Was there a point to this?

If there’s a point to all this, I guess it’s just that I need to keep learning new things and being flexible. I saw a funny comic strip recently about an old man whose doctor tells him that he can help keep his memory sharp by learning new skills. And the old man says that his memory isn’t good enough for him to learn new skills. And of course I can’t remember where I saw that strip now, so I can’t link to it here. It was probably on GoComics, which I recently re-subscribed to, after canceling my subscription almost a decade ago. I’ve decided that reading the comic strips every morning is healthier than browsing Facebook and Twitter, so that’s why I re-subscribed. (I may also sign up for Comics Kingdom too, but that’s a subject for a different blog post.) Anyway, since I can’t find the strip I was looking for, here’s a different one, along similar lines.

Ephemeral Port Exhaustion

We’ve been having some trouble with our main web server at work over the last few months. It all boils down to ephemeral port exhaustion, which sounds kind of like a post-COVID side-effect, but is actually something that can happen to a Windows server if you’re opening too many ports and then not releasing them. The post linked above contains some useful troubleshooting information regarding this problem.

I actually think the best explanation of this issue is in a 2008 TechNet article titled Port Exhaustion and You. (That link goes to the original version of the article via Here’s a link to it’s current location at Microsoft’s site.)

The basic issue is that you can run out of ports and then anything that relies on opening a new one fails, and you just need to reboot the server. So, not the end of the world, but not good for a production server. We’ve been working around it for awhile. We had it scheduled to reboot once a week, but upped that to twice a week when it seemed like once wasn’t enough. And now it’s gotten to the point where I really think we need to find the underlying issue and correct it.

In our case, the server is running a bunch of web services under IIS. There are more than a dozen separate services, written by various programmers, at various points in time. They’re all (probably) C# programs, but they’re written under various versions of .NET Framework and .NET Core. They’re grouped into three or four app pools.

The first thing that makes sense to look at here is how the individual programs are handling outgoing network connections. Normally, in C#, you’d use HttpClient for that. I wrote a blog post in 2018 about HttpClient and included a link to this article about how to properly use HttpClient without opening a bunch of unnecessary connections. I think I’ve got all of my own code using HttpClient correctly and efficiently, though I’m not sure about everyone else’s.

It can be hard to tell what’s going on behind the scenes, though, if you need to rely on closed-source third-party libraries that also open up HTTP connections. I’ve got a few of those, and I think they’re not causing problems, but I don’t really know.

To try to monitor and track down port exhaustion issues, there are a few tools you can use. A number of the articles I’ve linked above mention “netstat -anob” or some variation of that, and I’ve found that helpful. One issue with that, if you’re running a lot of web services, is that you can’t easily see which service is causing a problem.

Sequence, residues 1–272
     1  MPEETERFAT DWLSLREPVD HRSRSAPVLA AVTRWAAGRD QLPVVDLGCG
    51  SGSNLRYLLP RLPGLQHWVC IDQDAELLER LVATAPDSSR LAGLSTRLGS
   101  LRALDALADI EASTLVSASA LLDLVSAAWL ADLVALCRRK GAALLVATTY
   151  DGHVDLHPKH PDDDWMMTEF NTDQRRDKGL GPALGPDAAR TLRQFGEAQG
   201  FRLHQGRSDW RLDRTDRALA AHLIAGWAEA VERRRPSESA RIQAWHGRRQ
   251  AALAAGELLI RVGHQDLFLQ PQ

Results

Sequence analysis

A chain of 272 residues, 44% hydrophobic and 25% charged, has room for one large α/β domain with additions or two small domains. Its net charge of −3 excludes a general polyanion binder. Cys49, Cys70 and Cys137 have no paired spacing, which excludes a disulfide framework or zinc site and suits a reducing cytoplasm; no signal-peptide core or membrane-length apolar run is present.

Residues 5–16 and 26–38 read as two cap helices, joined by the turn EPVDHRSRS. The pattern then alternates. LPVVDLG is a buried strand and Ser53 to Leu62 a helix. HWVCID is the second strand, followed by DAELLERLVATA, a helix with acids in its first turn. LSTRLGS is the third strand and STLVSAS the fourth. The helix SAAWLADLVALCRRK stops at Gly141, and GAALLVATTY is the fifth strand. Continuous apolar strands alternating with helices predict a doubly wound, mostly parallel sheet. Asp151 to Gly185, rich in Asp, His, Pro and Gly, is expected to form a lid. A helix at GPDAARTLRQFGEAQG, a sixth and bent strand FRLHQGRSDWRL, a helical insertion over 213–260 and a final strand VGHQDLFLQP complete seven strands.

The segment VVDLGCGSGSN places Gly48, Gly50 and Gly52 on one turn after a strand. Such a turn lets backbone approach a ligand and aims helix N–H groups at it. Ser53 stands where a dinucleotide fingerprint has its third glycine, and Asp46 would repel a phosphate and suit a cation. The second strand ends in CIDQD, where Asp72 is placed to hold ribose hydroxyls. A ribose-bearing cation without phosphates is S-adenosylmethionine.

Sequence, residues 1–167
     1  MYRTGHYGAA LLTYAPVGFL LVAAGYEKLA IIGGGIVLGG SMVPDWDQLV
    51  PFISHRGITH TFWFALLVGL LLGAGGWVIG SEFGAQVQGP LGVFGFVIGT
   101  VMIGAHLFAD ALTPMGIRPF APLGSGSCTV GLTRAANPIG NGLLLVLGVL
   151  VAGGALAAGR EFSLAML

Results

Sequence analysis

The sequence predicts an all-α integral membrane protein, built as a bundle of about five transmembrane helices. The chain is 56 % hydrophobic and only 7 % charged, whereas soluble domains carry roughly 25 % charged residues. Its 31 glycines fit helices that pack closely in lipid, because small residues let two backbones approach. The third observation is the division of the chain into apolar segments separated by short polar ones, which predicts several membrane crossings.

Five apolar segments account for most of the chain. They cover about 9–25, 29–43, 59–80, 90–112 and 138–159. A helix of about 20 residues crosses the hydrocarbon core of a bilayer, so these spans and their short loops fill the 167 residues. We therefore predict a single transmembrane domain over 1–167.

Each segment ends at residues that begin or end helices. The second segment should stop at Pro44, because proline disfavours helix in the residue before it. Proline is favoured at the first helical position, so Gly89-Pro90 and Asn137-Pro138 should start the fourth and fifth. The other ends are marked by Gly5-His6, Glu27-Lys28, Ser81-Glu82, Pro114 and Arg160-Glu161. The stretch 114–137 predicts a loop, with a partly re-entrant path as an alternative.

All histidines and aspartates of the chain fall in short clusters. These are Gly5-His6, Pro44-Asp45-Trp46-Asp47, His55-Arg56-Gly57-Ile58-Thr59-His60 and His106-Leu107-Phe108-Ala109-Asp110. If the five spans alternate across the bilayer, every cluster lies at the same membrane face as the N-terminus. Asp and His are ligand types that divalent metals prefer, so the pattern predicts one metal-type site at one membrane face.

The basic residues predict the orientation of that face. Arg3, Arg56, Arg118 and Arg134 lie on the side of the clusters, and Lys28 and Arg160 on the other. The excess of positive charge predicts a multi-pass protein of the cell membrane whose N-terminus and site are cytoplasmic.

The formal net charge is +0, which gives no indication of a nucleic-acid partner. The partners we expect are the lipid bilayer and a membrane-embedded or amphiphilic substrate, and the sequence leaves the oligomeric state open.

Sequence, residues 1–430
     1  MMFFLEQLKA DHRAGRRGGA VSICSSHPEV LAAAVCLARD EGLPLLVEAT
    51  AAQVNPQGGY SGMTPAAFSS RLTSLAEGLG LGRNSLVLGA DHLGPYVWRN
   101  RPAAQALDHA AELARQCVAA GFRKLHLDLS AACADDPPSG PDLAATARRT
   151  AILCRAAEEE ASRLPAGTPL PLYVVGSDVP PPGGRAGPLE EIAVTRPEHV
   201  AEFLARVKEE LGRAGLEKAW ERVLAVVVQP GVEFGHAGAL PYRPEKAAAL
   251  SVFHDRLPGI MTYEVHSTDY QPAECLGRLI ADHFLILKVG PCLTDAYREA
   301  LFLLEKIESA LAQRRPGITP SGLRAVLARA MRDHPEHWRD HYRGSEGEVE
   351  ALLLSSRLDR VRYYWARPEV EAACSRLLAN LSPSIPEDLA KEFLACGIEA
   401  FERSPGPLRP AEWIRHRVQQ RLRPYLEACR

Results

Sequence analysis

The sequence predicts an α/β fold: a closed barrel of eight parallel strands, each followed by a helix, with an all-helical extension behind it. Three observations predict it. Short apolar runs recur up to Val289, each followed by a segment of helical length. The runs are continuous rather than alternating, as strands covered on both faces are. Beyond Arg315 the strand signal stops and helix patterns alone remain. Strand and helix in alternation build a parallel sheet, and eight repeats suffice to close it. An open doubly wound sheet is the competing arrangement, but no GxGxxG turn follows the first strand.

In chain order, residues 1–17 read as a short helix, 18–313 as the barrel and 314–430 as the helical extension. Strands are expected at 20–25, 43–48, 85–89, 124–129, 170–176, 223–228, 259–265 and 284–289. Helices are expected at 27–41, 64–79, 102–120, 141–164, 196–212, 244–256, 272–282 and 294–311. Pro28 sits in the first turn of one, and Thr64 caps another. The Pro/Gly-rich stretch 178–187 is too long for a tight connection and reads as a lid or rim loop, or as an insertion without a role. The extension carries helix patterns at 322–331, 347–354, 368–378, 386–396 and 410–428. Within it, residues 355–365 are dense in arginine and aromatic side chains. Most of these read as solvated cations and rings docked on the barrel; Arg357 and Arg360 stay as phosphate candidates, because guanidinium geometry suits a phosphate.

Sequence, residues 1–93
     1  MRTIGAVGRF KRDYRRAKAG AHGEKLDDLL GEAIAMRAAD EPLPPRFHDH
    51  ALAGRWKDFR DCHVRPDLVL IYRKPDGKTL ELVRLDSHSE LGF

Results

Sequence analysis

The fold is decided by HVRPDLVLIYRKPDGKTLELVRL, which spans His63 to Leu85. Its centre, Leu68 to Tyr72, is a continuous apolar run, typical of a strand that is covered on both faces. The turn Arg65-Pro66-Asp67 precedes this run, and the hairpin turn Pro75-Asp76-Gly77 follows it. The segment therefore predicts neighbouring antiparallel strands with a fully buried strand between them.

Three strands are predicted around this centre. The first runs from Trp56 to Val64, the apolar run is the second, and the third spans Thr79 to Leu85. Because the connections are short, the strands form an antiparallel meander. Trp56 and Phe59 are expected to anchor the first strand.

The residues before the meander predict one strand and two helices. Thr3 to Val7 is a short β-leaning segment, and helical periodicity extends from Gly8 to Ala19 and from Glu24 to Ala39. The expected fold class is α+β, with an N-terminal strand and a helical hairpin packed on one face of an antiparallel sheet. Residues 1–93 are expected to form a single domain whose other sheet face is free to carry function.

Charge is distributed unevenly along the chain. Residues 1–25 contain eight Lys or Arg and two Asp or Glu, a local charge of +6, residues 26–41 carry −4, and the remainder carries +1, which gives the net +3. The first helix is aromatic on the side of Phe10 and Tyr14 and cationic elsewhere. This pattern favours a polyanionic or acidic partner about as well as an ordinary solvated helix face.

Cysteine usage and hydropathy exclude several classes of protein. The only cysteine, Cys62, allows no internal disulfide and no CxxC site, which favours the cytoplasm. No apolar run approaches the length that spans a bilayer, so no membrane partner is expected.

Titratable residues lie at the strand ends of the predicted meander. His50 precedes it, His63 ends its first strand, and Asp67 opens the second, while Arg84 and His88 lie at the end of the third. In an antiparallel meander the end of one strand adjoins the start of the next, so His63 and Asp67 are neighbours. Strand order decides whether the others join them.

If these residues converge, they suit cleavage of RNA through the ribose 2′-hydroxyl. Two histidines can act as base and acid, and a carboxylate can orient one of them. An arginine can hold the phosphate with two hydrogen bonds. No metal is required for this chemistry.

My big breakthrough yesterday was realizing that I could use “appcmd list wp” to get a list of the PIDs and app pool names associated with the various IIS worker processes. From that, you can tie the netstat output back to a specific app pool at least. (Of course, if you have ten web services under one app pool, then you’ve still got some more work to do.) See here for some info on appcmd.

Anyway, we still haven’t quite got our problem solved, but we’re getting closer. For now, we’ll still just need to keep an eye on it and use the old IT Crowd solution: “Have you tried turning it off and on again?”

Adding an exception logger to a Web API project with Autofac and Serilog

I just spent way too much time figuring out how to add a catch-all logger for exceptions to an ASP.NET Web API project, so I figured I’d write up my experience as a blog post, for anyone else who needs it (and for my own future reference).

The goal, specifically, is to log any unhandled exceptions using Serilog. I don’t want to mess with them in any way, I just want to record them in the log. (For this API, most exceptions are already properly handled, but sometimes something falls through the cracks, so I just want to be able to see when that happens, so I can fix it.)

First, this is an old-fashioned ASP.NET Web API project, not a .NET Core project. I’m using Autofac for dependency injection and Serilog for logging.

And I’m using the Autofac.WebAPI2 package to integrate Autofac into the API. My Autofac configuration looks pretty much just like the example in the “Quick Start” section of the page linked above.

Serilog is linked in like this:

builder.Register((c, p) =>
    var fileSpec = AppDomain.CurrentDomain.GetData("DataDirectory").ToString() + "\\log\\log-{Date}.log";
    var outpTemplate = "{Timestamp:yyyy-MM-dd HH:mm:ss.fff zzz} [{Level:u3}] {Properties:j} {Message:lj}{NewLine}{Exception}";
    return new LoggerConfiguration()
        .WriteTo.RollingFile(fileSpec, outputTemplate: outpTemplate)

I won’t get into how that works, but you could figure it out from the Serilog docs easily enough.